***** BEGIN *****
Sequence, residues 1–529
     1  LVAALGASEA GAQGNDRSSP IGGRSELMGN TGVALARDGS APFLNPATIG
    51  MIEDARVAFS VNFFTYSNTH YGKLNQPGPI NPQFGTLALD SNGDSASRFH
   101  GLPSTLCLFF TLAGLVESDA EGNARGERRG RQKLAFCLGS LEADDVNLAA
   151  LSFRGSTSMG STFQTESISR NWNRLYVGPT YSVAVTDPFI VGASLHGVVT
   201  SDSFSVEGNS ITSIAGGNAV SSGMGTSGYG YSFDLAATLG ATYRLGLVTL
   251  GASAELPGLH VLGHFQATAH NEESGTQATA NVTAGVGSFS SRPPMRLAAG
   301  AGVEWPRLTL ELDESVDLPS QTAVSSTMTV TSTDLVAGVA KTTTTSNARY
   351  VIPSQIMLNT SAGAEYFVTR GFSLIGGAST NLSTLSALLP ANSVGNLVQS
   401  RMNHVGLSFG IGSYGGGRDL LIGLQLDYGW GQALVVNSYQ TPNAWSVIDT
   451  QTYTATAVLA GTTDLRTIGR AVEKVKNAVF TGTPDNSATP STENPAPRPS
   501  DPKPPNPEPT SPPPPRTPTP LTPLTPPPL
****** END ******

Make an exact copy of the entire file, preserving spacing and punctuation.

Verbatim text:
Sequence, residues 1–529
     1  LVAALGASEA GAQGNDRSSP IGGRSELMGN TGVALARDGS APFLNPATIG
    51  MIEDARVAFS VNFFTYSNTH YGKLNQPGPI NPQFGTLALD SNGDSASRFH
   101  GLPSTLCLFF TLAGLVESDA EGNARGERRG RQKLAFCLGS LEADDVNLAA
   151  LSFRGSTSMG STFQTESISR NWNRLYVGPT YSVAVTDPFI VGASLHGVVT
   201  SDSFSVEGNS ITSIAGGNAV SSGMGTSGYG YSFDLAATLG ATYRLGLVTL
   251  GASAELPGLH VLGHFQATAH NEESGTQATA NVTAGVGSFS SRPPMRLAAG
   301  AGVEWPRLTL ELDESVDLPS QTAVSSTMTV TSTDLVAGVA KTTTTSNARY
   351  VIPSQIMLNT SAGAEYFVTR GFSLIGGAST NLSTLSALLP ANSVGNLVQS
   401  RMNHVGLSFG IGSYGGGRDL LIGLQLDYGW GQALVVNSYQ TPNAWSVIDT
   451  QTYTATAVLA GTTDLRTIGR AVEKVKNAVF TGTPDNSATP STENPAPRPS
   501  DPKPPNPEPT SPPPPRTPTP LTPLTPPPL